Overall i massively reccomend playing at West Sussex, it is totally worth the money and I will definitely be back to play there again in the near future!
I originally reviewed West Sussex 8 years ago when I was just starting my quest to play the English top 100. Having completed 66 of them now, I can comfortably say my opinion 8 years ago was wrong.
This course is an absolute belter. I can’t think of a weak hole.
I still maintain the 1st should be a par 4 (especially off the yellows), but other than that. Wow
West Sussex deserves all the plaudits it gets. We played early November this year and the course was in fantastic condition given the harsh Winter/Summer combination we’ve had in the UK in the past year.
West Sussex is just packed to the rafters with memorable holes. I loved the early sequence of 3, 4, 5 and 6 - a tough par 4 littered with bunkers, a clever short dog leg left par 4 followed by two fantastic par 3’s.
The heather at West Sussex is not penal, rather hole-ending. Having played Swinley earlier this year I’m no stranger to heather but I felt that whilst at a Swinley it’s a lost shot, the heather at West Sussex was a little out of control in my opinion. Obviously this gives the course tremendous shape but did cause issues for our group having not played the course before.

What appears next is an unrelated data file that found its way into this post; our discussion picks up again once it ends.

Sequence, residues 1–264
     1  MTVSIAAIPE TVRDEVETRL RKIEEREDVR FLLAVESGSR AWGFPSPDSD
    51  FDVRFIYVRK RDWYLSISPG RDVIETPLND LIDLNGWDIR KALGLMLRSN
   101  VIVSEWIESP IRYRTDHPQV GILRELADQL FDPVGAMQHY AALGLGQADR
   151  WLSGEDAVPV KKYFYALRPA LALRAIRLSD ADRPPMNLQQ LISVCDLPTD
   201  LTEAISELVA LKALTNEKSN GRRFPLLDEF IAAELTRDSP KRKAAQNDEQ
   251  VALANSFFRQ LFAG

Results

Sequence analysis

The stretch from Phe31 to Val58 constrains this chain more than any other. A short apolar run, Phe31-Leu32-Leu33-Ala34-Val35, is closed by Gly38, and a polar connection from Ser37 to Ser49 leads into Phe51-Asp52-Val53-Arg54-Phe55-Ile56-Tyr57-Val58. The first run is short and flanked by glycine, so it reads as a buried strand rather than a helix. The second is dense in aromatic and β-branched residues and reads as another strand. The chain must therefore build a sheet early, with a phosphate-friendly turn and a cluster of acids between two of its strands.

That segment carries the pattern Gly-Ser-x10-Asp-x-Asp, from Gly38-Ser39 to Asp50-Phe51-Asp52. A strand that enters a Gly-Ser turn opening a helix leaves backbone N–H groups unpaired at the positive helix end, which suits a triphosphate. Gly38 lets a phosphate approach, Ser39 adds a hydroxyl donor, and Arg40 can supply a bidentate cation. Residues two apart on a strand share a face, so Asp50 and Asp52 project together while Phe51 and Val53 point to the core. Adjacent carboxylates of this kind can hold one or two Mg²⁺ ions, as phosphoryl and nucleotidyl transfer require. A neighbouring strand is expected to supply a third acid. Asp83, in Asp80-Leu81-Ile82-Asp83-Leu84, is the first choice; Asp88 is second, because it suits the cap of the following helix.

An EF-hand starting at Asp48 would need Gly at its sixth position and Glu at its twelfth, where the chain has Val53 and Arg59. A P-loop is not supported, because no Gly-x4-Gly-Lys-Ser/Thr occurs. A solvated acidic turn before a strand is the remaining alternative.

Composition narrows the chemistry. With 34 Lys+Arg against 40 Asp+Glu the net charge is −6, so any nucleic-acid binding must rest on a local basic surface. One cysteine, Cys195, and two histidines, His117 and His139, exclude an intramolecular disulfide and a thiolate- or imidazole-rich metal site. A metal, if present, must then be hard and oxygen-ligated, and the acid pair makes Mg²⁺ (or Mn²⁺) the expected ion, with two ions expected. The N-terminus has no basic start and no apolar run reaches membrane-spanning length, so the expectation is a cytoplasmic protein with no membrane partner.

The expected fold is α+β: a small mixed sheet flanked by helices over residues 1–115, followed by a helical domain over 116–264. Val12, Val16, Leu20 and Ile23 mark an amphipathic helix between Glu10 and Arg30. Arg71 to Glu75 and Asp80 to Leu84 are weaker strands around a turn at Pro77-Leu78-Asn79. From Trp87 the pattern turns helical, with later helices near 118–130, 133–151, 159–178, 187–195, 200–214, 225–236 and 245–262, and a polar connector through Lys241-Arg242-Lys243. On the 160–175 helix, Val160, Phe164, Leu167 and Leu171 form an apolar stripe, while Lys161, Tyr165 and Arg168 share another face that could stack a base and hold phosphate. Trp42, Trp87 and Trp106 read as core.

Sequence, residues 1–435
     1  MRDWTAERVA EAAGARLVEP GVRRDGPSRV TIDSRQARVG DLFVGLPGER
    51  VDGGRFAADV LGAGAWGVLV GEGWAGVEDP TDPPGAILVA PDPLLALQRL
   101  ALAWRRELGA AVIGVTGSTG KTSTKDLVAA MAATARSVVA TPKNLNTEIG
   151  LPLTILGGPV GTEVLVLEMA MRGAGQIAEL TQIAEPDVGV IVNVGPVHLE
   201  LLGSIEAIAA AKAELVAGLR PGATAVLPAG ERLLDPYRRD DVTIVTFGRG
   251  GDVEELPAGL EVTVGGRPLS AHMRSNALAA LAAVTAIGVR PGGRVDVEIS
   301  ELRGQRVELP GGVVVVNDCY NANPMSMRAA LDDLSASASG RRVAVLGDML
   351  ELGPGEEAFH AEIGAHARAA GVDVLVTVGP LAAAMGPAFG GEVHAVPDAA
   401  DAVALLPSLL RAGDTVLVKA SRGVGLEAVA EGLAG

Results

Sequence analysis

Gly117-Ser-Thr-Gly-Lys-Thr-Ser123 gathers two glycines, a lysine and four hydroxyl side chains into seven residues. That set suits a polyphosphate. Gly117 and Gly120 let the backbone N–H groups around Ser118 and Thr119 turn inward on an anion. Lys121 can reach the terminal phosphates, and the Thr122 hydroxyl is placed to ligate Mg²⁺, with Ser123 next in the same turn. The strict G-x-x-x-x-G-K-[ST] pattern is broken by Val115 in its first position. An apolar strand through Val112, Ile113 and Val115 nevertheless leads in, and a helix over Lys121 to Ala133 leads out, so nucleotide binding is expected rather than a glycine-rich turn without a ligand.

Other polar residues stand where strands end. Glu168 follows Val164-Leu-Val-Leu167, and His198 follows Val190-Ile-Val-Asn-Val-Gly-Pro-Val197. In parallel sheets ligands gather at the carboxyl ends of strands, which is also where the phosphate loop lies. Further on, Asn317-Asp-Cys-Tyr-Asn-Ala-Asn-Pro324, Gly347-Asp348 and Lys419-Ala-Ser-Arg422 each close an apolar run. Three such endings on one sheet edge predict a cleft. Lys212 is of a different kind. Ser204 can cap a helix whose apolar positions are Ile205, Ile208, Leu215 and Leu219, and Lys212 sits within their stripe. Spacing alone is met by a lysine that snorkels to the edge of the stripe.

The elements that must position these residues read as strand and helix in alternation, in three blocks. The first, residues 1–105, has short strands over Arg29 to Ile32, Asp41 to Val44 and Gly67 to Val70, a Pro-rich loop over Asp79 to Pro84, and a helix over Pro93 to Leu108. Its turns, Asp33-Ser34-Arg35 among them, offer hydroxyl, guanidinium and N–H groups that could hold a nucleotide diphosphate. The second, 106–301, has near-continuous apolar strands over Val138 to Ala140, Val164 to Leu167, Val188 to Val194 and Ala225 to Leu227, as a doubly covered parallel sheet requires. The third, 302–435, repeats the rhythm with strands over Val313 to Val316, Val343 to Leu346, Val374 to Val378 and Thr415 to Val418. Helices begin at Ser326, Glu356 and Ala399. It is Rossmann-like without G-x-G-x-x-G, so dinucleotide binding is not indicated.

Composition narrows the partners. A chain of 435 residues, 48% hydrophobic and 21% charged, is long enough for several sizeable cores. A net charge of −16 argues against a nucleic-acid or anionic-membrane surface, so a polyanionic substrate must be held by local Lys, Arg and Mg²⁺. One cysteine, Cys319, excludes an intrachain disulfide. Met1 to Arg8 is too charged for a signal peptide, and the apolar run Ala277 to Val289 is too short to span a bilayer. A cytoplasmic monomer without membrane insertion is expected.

All in all this is a well deserved world top 100 course. The club were incredibly welcoming and even allowed us to play on a Saturday - a rarity amongst top courses.
I could find only one previous review here by an American. When I pointed out to a member that West Sussex was not on many people’s radar in the States, his reply was quick: “Yes, and that’s fine with us.” This was not a xenophobic anti-American thought but rather an attempt to keep a splendid little secret to himself and his clubmates. The greatest strength of West Sussex is its tee shots. The best example is the 10th, a shortish par 4 that swings left around a menacing bunker complex. Bite off enough of the dogleg and a wedge to the green is your reward. Take the more conservative route and you’ll approach with a longer club. And time and again, the golfer stands on the tee pondering just where to position her/his tee ball. The line of charm is most always in evidence as one decides just how much risk to take to receive the best possible reward.
The routing is also quite ingenious. The property is long and narrow, but instead of a simple out and back configuration, holes run in a variety of directions, creating a variety of challenges when the wind blows. The greens here don’t match the rest of the course as too many are flat and featureless……..a small negative. And I found too many footprints in the bunkers, though I suspect that may be to keep the visitor population down. West Sussex was otherwise a delightful golf experience. It’s not much more than an hour’s drive from the great courses of Surrey and definitely worth the trip.